Famous in a Small Town(2)

“I don’t love that many people.”

“You love at least a hundred and fifty people.”

“Do not.” A pause. “I top out at like a hundred and ten, max.”

She gave me an exasperated look, but there was fondness underneath it.

“How many people do you love?” I said.

“Two point five.”

“How can you love half a person? And if you say it’s Aiden Morales and it’s the bottom half, I’m gonna punch you.”

“Love and lust are different, I hope you know that.” She looked up at the sky. “One thing. Right now. The thing you want most in the world.”

“Some fries would be great.”

Brit rolled her eyes. “You’re no fun.”

“I told you. The people-I-love thing.”

“Yeah and I hate that you said that.”


“Because this is a good question, not an excuse for you to be noble.”

“I’m not noble.”

“That’s why you’re noble, you don’t even know that you’re noble.”

“Okay, if my answer’s so shitty, then what do you want?” I said, even though I already knew what Brit wanted most in the world, right that second, and every other second too.

She didn’t say it, though, just shook her head minutely. “Fries do sound good.”

“You get them. I got the cones.”

“I don’t want to go back in there.” Brit sat up. “I can’t bear to watch Flora charming the shit out of everybody.”

I glanced over my shoulder, where through the front window I could see Flora Feliciano standing behind the counter. Her shiny, dark brown hair was pulled back in a ponytail under her visor, her uniform shirt immaculate. She was taking a guy’s order, and I watched as her eyes crinkled with a smile. The guy was definitely flirting with her, I could see it from here by the way he was leaning toward her, but I knew she couldn’t tell—she rarely could. She was sweet to everyone and somehow believed that everyone was sweet back, that no one ever had ulterior motives.

She couldn’t have been more different from Brit, but they were both my best friends.

I pulled a few crumpled ones out of my pocket and held them out to Brit. “She can’t help it,” I said. “That’s just how she is.”

“I know.” She took the money and slid off the table. “That’s why she’s the point five.”

She headed inside as a beat-up car pulled into the parking lot, snagging an empty spot facing the road. I recognized it—it was Heather Conlin’s car. She lived just down the street from me, and I babysat her kids all the time—Cadence, who was six, and Harper, who was almost a year old.

But Heather didn’t get out. Her husband, Kyle, emerged from the driver’s side instead, and from the passenger’s seat came a guy I had never seen before. In Acadia, that was saying something.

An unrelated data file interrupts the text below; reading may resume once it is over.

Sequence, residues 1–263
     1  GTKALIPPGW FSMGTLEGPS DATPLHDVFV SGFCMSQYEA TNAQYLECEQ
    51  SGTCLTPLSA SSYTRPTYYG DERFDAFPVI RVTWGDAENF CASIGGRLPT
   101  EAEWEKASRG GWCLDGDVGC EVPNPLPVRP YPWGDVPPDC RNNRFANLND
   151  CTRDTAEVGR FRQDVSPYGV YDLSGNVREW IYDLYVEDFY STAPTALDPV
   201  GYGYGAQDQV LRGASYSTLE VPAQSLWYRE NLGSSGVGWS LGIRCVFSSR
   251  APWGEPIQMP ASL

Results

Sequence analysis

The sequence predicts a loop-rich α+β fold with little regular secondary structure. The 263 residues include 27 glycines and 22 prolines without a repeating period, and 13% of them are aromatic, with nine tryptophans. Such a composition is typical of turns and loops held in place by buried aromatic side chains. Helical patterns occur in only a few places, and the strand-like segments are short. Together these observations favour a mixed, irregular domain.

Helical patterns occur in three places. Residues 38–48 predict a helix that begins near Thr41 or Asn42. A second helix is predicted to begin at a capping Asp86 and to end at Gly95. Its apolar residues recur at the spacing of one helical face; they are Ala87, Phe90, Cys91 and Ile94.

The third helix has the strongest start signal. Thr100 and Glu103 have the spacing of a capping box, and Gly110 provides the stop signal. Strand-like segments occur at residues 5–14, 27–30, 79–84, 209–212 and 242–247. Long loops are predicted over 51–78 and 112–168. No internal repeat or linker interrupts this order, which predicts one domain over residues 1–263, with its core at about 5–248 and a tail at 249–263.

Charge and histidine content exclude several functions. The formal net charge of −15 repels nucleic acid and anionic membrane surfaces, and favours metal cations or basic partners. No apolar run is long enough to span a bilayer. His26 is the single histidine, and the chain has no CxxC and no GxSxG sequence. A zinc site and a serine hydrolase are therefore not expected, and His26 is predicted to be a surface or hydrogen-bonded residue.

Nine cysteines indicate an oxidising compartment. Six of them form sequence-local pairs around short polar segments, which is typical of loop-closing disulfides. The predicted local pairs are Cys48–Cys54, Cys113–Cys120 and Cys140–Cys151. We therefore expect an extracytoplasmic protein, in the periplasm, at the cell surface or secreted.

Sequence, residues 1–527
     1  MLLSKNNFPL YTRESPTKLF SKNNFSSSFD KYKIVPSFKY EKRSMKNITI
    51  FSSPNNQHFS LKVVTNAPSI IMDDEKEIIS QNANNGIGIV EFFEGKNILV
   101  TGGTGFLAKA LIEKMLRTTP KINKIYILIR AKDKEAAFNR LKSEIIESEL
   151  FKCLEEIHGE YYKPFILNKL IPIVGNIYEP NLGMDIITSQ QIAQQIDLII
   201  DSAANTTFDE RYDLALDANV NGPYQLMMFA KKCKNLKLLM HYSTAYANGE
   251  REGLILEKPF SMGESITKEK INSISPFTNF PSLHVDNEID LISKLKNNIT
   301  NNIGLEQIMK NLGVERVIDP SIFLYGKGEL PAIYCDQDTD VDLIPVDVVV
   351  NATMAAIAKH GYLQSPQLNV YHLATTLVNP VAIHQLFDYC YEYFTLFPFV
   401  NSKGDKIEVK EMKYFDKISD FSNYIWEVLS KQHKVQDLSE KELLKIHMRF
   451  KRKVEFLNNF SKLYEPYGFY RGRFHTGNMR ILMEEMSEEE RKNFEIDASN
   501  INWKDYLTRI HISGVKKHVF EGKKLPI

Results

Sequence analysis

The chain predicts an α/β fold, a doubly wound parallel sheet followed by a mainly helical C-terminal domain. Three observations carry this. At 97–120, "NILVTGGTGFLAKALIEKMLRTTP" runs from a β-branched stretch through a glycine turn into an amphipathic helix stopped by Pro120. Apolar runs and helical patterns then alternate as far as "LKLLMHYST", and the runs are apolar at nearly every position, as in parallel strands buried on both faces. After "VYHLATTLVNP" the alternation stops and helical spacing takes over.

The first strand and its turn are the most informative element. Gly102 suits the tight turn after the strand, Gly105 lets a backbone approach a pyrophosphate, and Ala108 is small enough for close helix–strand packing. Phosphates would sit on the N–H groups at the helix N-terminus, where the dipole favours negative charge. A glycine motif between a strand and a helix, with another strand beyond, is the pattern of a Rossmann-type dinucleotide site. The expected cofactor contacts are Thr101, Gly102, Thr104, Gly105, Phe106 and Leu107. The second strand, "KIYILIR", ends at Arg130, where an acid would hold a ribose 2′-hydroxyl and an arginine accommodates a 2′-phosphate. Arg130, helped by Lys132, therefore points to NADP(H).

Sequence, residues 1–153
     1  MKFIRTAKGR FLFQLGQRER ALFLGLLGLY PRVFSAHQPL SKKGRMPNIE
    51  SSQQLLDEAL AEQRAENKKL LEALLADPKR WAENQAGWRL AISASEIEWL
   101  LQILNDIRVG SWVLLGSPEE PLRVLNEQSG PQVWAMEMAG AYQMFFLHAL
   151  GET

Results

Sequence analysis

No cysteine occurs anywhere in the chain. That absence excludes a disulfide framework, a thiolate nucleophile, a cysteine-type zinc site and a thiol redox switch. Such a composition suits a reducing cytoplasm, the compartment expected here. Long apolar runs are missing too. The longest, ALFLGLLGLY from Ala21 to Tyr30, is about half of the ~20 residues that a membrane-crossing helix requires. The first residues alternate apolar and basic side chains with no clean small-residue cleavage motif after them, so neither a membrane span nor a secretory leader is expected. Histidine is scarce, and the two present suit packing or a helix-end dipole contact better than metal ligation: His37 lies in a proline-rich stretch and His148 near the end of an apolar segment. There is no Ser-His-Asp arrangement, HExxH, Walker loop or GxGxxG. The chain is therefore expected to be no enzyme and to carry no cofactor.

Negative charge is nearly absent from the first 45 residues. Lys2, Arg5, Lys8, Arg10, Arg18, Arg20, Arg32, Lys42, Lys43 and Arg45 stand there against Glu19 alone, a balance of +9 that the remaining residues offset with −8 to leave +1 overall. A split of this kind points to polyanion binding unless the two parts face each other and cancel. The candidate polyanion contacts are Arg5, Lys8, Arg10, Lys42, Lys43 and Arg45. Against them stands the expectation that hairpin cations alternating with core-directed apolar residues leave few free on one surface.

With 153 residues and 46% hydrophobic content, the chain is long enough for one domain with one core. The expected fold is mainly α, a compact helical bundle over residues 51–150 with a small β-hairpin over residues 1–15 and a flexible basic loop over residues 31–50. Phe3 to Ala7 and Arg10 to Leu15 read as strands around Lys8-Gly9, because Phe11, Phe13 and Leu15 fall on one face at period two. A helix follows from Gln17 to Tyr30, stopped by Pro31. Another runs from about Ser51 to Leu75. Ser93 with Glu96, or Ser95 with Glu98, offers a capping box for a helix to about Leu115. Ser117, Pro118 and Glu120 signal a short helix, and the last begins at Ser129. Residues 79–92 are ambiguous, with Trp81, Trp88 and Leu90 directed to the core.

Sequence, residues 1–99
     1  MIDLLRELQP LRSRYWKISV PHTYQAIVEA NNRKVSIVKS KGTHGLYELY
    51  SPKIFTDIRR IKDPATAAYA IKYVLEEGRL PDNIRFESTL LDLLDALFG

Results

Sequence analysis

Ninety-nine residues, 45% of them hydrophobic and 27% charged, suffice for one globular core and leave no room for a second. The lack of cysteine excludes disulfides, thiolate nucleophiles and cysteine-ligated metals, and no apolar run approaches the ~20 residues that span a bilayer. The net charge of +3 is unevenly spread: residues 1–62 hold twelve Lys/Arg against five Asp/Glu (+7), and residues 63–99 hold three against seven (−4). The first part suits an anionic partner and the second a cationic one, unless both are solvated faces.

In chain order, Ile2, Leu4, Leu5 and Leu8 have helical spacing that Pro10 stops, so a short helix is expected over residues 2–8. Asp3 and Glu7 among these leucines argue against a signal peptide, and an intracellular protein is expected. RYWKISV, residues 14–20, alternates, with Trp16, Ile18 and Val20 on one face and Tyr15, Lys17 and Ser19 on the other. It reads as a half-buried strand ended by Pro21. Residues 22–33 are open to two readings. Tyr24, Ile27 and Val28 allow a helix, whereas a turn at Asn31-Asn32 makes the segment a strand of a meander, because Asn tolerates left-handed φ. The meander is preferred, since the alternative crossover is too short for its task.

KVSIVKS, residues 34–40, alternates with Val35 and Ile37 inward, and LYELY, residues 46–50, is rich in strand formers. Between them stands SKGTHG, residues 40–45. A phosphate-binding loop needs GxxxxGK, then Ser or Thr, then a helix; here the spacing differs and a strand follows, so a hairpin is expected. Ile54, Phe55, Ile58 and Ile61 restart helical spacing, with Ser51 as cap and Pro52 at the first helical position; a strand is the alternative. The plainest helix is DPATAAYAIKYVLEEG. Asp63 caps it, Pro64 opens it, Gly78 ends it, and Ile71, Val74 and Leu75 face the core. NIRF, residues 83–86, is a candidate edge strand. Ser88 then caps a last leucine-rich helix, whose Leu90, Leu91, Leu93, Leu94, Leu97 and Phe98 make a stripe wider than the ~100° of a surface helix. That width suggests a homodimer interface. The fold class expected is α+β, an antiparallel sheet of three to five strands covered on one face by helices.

He looked about our age, maybe a little older—it was hard to tell. I watched as Kyle fumbled around in the back and then pulled Harper out of her car seat. Harper had what my grandma would describe as “two cents’ worth of hair,” which tonight was scraped together into the tiniest and cutest of pigtails, jutting off the top of her head like twin exclamation points.

Kyle hitched her up on his hip and was pulling a diaper bag out of the car when a phone began to ring.

“Ah, sorry.” He tossed the bag back down and handed Harper to the guy. “Gimme one sec,” he said, and then he stepped away to grab the call.

The guy stood a bit stiffly with Harper for a moment, until she pointed a chubby finger at the sky and he tilted his head back to see what had caught her eye.

“What are we looking at?”

Harper crowed something indistinguishable, and the guy nodded like it made sense.

“I see.”

She babbled something else and pointed again.

“Mm. I agree.”

And then she looked my way.

I did the fish face, her favorite—cheeks sucked in, flapping my hands by my head like fins. If it were just me and her in her room, I’d dance around in a circle and go “glub glub glub” to really complete the scene, but as it was, I just wiggled silently in my spot. Her face split into a smile, and she made a happy sound.

The guy grinned down at Harper, and then he followed her gaze to me.

I froze mid-flap.

Kyle sidled up beside them then, putting his phone away.

“Hey, Sophie!” he called, slinging the diaper bag over his shoulder and reaching for Harper. “Nice face!”

I lowered my hands and schooled my expression into something other than fish face as they approached. The guy’s grin had faded into something neutral.

“Don’t think you two have met yet,” Kyle said, gesturing to the guy. “This is my brother, August. August, that’s Sophie, she watches Cady and Harper.”

“Nice to meet you,” August said.

“That’s what I’ve heard,” I replied.

One corner of his mouth ticked up.

Kyle adjusted the strap on the diaper bag. “Still on for Tuesday night? Heather’s gotta take Cady to a dance thing, so it’ll just be you and this one.” He smacked a kiss to Harper’s cheek.

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